After Montgomery County, Should Public Defenders Fear Retribution When They’re Effective?
by MaryCatherine Roper
Too often, the use of cash bail keeps those who cannot afford to pay in jail, while wealthier individuals can buy their way to freedom. That’s not right.
After observing thousands of bail hearings in Philadelphia during 2018 and 2019, the ACLU of Pennsylvania and allies determined that bail judges were not adequately taking into account the ability of a person to afford cash bail before assigning that person cash bail. Failing to consider the ability of a person to pay criminalized poverty. It’s also in violation of the Pennsylvania Rules of Criminal Procedure.
First sending a letter to the First Judicial District — the court system in Philadelphia — raising concerns about bail hearings and the use of cash bail, the ACLU of Pennsylvania and allies then filed a complaint with the state Supreme Court, asking the court to ensure that the rules are followed in Philadelphia. If we’re successful, the result could reverberate across the commonwealth.
Needless to say, the statewide implications of the court’s decision caught the attention of plenty of stakeholders outside of Philadelphia who have an interest in reforming the criminal legal system.
In Montgomery County, Chief Public Defender Dean Beer and Deputy Chief Keisha Hudson filed a brief in support of the Philadelphia lawsuit and called into question the misuse of cash bail in Montgomery County, noting that because “the Office of the Public Defender represents indigent individuals facing criminal charges at all stages of their proceedings,” the defenders have “a substantial interest in this matter.”
We now know that in the days following their filing, Dean and Keisha were under immense pressure to rescind their brief; ultimately, they did just that. But for those who opposed the filing of the brief, it was not enough. Just weeks later, Dean and Keisha were abruptly fired.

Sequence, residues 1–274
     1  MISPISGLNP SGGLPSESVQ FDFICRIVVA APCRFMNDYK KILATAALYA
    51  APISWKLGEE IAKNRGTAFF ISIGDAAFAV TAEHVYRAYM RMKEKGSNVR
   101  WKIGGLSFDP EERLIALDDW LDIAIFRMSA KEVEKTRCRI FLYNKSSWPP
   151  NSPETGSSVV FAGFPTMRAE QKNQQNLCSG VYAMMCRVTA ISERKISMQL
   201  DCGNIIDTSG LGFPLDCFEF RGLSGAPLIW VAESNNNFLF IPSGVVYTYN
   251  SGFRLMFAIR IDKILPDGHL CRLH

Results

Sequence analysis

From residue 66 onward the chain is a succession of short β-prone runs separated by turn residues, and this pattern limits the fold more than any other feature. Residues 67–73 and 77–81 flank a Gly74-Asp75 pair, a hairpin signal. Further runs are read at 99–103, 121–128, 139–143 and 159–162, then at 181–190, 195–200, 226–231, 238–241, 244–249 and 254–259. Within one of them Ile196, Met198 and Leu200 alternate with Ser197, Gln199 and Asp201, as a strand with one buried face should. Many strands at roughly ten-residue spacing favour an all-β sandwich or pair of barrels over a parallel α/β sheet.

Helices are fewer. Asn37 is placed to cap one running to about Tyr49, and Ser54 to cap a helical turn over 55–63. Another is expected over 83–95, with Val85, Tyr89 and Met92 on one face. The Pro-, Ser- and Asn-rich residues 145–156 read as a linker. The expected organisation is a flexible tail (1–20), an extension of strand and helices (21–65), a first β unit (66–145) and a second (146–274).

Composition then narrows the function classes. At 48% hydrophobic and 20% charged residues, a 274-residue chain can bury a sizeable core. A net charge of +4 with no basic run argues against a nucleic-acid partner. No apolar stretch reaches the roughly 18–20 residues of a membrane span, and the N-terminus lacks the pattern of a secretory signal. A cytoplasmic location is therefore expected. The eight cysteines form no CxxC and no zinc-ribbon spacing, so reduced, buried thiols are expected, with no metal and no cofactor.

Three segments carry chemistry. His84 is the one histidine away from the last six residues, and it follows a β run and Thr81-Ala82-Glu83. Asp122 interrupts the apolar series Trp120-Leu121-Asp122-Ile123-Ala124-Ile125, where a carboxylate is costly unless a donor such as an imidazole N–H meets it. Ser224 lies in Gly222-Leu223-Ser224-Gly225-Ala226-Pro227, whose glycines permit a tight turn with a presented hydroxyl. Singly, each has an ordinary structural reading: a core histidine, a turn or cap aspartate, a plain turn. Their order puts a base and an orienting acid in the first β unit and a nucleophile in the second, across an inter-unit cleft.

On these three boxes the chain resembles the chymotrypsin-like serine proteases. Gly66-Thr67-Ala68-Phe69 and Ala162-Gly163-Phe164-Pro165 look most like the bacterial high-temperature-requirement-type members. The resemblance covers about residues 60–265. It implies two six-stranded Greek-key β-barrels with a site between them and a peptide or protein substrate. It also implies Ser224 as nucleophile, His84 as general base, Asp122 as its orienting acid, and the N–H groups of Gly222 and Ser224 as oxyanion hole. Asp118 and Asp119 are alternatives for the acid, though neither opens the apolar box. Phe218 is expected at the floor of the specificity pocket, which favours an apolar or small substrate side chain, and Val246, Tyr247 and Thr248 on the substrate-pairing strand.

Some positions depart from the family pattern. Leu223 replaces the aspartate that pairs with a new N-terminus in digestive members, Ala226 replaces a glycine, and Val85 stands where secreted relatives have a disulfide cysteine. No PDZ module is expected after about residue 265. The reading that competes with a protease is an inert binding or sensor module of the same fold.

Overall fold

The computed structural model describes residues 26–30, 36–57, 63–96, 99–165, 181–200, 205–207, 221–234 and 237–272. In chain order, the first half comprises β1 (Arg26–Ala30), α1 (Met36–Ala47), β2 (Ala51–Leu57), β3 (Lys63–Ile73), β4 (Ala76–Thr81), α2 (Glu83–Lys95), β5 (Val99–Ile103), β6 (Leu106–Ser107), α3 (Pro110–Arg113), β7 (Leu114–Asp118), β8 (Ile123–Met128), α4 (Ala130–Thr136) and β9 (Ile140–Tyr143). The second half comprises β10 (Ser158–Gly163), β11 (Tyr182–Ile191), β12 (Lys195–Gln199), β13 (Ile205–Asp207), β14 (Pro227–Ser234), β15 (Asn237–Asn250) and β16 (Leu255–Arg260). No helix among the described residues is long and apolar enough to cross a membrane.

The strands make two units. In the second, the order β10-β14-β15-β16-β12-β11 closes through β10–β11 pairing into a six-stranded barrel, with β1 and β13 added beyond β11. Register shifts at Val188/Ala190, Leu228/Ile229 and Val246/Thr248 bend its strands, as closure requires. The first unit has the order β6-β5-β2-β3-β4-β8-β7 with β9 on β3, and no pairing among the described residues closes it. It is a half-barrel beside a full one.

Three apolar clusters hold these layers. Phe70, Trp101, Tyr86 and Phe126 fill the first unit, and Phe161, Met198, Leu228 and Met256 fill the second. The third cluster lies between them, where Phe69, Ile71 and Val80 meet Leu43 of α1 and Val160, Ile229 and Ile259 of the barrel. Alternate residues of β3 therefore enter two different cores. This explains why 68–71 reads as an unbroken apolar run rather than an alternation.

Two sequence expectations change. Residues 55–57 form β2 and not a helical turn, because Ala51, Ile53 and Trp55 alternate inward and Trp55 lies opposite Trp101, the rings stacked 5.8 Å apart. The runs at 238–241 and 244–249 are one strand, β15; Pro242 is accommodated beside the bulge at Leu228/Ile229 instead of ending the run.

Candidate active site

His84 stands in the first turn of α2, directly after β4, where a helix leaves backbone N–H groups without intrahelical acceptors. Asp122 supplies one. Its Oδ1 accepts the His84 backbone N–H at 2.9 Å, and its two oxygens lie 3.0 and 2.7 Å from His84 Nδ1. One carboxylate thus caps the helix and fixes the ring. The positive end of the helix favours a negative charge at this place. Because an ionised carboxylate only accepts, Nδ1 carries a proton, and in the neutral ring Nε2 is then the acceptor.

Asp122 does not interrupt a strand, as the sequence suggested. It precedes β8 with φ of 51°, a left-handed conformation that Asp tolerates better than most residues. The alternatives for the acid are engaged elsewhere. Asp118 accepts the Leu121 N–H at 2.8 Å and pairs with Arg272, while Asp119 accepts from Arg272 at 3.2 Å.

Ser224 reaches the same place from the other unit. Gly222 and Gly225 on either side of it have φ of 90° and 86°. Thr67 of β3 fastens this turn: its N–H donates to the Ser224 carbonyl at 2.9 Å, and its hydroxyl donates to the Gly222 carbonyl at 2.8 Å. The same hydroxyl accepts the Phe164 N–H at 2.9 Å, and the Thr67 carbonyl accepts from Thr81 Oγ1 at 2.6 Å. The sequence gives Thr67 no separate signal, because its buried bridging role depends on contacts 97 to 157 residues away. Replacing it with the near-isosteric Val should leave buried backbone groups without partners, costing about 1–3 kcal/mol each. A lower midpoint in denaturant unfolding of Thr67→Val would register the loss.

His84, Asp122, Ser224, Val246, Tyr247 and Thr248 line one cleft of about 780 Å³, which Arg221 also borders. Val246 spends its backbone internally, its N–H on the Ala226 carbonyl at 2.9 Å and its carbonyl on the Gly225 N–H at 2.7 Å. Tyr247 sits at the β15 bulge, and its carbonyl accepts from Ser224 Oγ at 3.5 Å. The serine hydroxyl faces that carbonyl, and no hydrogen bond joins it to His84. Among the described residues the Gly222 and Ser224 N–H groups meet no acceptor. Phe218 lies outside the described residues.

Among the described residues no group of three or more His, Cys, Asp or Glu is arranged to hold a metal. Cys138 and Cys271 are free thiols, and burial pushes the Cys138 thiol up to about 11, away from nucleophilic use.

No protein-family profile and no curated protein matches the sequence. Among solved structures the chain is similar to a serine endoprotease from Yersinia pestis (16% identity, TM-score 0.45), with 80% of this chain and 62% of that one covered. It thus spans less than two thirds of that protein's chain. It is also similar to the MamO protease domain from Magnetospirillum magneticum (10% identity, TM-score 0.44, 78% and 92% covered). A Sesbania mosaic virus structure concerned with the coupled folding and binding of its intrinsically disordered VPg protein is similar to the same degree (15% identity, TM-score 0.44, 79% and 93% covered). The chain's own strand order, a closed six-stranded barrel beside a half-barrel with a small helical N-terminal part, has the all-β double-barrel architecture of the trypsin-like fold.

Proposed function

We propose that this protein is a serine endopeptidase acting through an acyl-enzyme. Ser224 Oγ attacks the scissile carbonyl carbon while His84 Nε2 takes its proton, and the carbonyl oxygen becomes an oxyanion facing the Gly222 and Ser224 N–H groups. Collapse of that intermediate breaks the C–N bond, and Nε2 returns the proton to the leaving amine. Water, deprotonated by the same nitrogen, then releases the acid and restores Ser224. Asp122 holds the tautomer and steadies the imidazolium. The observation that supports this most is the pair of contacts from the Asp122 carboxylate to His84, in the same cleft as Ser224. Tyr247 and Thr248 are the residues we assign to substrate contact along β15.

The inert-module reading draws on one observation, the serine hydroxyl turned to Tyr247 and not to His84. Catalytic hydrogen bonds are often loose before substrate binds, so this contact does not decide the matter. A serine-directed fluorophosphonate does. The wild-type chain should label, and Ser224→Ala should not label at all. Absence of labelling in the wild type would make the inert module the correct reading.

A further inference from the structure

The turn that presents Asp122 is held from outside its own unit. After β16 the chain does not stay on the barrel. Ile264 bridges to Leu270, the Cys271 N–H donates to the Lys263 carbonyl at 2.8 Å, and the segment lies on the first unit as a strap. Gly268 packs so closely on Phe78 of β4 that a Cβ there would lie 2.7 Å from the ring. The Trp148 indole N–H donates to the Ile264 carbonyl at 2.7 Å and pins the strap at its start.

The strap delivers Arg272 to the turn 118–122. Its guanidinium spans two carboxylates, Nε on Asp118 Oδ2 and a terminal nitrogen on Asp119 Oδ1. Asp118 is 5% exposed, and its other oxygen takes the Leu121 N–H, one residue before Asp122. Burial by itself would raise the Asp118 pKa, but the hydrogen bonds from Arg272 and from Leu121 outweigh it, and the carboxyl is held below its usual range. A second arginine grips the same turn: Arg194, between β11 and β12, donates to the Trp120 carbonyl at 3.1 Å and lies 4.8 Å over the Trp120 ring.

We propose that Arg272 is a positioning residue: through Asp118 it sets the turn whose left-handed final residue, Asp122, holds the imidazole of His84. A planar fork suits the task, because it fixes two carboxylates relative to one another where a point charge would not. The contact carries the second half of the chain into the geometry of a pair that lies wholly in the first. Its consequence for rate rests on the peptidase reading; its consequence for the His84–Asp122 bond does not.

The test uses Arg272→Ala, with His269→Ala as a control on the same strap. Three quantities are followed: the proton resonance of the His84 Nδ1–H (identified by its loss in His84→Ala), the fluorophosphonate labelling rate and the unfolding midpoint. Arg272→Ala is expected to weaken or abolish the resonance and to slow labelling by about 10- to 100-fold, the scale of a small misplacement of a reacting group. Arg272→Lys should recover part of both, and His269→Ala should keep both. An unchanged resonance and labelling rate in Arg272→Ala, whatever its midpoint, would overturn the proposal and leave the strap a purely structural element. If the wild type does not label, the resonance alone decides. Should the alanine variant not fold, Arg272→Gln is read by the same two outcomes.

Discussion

In the days that followed, the response from advocates and stakeholders in the criminal legal system, legislators and community leaders, and public defenders from across the state and country was deafening as all expressed outrage at the firings.
A protest was organized outside the Montgomery County Commissioners meeting the next week, with county residents testifying before the commissioners, asking them to reinstate Dean and Keisha in the public defender’s office.
The firing of Dean and Keisha, two highly effective public servants, isn’t just a loss for Montgomery County. It’s a blow to indigent defense in Pennsylvania and a warning to public defenders everywhere. The job of public defenders is to defend and advocate for those who cannot afford private counsel. When public defenders are punished for doing just that, it has a chilling effect on others who might be pursuing similar policies or reforms. Pennsylvania is already far behind the rest of the country in funding indigent defense — indeed, it is the only state in the nation that leaves public defenders funding decisions entirely up to each county.
That’s why the ACLU of Pennsylvania has filed a lawsuit alleging that the firing of Dean and Keisha is a violation of the Sunshine Act, which mandates that actions taken by public agencies, such as the Montgomery County Board of Commissioners, be made in public — and the action must be preceded by an opportunity for public comment. In this case, the commissioners did neither.
The lawsuit asks the court to void the actions of the commissioners, which would #ReinstateKeishaAndDean and send a message to public defenders across the commonwealth and the nation that they need not be afraid of simply doing their jobs.
MaryCatherine Roper is the deputy legal director at ACLU of Pennsylvania.